“The researchers at University Medicine Halle have done real pioneering work here on behalf of the states of Saxony-Anhalt and Saxony – even though the road to a new normal is very long.”
The New Bosses 2020: Bertie Gibbon, ATC Live
The New Bosses 2020 – the latest edition of IQ’s annual celebration of the brightest young talent in the live business today, as voted for by their peers – was published in IQ 93 this month, revealing the 12 promising promoters, bookers, agents, and A&R and production experts that make up this year’s list.
To get to know this year’s cream of the crop a little better, IQ conducted interviews with each one of 2020’s New Bosses, discovering their greatest inspirations and pinpointing the reasons for their success. Catch up on the previous New Bosses interview with Metropolis Music promoter Alexandra Ampofo here.
The next New Boss in the spotlight is Bertie Gibbon (29), who works in A&R at ATC Live in the UK. Manchester-born Gibbon got his start in the music business promoting shows at the University of Sheffield, where he first came into contact with agents and managers. After graduation, he moved to London, where he interned at a management company and label before joining ATC Live in 2013 as a scout and general assistant.
The same year, he founded a management company with Rough Trade’s Paul Jones, Gross Management, which became part of Rough Trade Management in 2018. Today, he continues to work in management while bringing artists to agents at ATC Live and managers at ATC Management. He is also developing a start-up label in Camden, London, called Ra-Ra Rok.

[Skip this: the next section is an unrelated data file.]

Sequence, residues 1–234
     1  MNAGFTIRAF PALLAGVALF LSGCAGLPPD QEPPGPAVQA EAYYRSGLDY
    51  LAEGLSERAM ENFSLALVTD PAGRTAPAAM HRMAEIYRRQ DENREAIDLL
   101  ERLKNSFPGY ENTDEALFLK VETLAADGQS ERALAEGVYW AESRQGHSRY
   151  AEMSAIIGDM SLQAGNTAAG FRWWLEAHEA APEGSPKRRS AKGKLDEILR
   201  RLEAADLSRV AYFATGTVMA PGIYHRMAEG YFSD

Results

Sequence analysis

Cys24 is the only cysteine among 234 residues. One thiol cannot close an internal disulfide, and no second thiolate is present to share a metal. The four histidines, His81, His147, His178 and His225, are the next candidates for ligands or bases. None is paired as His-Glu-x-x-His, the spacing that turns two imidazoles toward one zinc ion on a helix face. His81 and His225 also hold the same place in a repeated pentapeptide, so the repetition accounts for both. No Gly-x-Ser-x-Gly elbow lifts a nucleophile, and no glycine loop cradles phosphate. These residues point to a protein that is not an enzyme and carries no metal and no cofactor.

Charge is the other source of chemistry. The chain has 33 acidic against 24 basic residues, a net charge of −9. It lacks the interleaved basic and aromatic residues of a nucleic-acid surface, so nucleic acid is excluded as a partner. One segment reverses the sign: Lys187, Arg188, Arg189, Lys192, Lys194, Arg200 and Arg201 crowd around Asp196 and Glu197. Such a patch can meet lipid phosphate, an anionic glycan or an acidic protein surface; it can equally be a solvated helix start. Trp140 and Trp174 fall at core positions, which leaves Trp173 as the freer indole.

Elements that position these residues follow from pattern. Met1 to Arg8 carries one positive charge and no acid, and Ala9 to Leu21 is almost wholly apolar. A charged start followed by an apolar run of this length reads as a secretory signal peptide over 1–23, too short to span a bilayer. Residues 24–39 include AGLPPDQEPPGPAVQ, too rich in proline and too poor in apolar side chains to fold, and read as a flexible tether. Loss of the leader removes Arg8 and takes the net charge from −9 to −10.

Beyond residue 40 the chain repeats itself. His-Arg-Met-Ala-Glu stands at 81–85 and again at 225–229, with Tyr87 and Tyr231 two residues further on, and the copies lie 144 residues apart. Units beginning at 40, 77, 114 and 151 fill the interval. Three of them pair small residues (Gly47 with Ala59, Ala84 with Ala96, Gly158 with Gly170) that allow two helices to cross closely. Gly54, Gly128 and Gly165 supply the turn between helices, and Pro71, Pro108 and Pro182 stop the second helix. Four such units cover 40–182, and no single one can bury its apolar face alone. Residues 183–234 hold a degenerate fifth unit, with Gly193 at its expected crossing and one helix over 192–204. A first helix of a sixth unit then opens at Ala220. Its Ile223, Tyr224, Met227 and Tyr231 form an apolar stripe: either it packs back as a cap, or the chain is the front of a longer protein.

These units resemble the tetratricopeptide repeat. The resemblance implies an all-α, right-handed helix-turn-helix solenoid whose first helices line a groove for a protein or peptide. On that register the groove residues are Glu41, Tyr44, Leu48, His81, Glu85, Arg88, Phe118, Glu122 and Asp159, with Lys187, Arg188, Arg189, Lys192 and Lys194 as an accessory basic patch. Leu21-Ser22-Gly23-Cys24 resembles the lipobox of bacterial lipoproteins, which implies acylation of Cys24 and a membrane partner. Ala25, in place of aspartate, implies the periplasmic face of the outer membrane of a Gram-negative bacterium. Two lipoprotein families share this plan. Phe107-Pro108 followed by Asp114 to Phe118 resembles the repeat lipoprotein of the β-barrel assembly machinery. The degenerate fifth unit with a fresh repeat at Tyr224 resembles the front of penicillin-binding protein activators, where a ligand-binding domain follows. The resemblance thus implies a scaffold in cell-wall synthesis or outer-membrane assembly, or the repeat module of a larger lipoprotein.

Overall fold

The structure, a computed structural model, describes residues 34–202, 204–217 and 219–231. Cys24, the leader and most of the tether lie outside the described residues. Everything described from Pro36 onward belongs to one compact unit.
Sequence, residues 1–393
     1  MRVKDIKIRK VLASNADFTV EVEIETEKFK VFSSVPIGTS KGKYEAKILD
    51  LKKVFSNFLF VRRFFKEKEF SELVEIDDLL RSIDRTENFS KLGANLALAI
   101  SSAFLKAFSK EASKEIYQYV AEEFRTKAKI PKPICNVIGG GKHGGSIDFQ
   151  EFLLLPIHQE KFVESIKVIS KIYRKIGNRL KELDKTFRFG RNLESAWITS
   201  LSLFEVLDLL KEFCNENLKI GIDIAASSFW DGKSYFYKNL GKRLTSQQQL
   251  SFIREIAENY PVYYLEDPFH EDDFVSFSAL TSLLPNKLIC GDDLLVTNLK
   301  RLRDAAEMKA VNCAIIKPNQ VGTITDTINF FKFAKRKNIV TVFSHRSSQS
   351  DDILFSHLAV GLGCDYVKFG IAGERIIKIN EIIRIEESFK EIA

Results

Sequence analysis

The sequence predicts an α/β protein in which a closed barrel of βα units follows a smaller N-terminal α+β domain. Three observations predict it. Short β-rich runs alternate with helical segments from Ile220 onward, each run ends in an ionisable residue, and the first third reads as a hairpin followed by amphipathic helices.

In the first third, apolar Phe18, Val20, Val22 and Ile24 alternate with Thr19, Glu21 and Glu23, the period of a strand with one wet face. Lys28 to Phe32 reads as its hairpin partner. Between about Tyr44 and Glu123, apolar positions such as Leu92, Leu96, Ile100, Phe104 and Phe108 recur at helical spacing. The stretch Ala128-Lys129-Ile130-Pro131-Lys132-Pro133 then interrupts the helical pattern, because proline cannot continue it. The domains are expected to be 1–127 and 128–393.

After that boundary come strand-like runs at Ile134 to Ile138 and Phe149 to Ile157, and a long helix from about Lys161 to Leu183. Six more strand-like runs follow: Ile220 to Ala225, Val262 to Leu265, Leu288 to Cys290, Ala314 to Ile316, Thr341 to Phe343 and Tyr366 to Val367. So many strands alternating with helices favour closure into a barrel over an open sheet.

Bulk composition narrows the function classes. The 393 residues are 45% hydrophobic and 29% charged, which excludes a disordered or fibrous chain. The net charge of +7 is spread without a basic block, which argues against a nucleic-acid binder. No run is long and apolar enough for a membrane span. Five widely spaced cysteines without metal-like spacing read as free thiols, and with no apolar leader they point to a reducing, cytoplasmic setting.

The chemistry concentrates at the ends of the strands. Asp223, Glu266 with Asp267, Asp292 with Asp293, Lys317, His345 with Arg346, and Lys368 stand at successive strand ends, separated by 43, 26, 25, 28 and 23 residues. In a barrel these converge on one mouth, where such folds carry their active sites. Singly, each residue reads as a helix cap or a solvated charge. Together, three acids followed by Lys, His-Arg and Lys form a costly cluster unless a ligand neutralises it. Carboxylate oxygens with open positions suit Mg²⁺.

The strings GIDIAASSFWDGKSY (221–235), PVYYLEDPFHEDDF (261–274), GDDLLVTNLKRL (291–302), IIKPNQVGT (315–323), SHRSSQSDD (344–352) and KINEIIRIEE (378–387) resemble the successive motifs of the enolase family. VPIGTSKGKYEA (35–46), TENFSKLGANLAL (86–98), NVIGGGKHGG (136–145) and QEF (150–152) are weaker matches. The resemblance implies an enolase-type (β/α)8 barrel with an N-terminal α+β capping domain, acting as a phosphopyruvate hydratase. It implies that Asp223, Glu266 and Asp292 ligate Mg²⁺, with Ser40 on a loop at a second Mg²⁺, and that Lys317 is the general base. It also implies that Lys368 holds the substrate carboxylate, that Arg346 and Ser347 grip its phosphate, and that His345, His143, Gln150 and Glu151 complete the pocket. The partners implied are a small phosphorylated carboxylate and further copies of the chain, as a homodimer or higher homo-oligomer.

What are you working on right now?
We’ve been keeping our weekly A&R meetings going at ATC Live whilst the office has been out of action, so I’ve been listening to and sharing a lot of music with the agents and have had a bit more time to think about developing artists. Alex (Bruford) and I have been having some branding conversations too, having worked on the company website and branded materials up to this point.
Things have also kicked back into gear quite recently with my clients at Rough Trade management: Shame, who have just released their first new music for a couple of years and have a big year (Covid permitting!) lined up for 2021; Black Midi who are in the studio working on their next project; Sorry who are also in the studio following the release of their debut album on Domino back in March, and a new band from Manchester called The Goa Express who’ve just rounded off their debut single campaign with playlist support on 6 music.
What are some of the highlights of your career to date?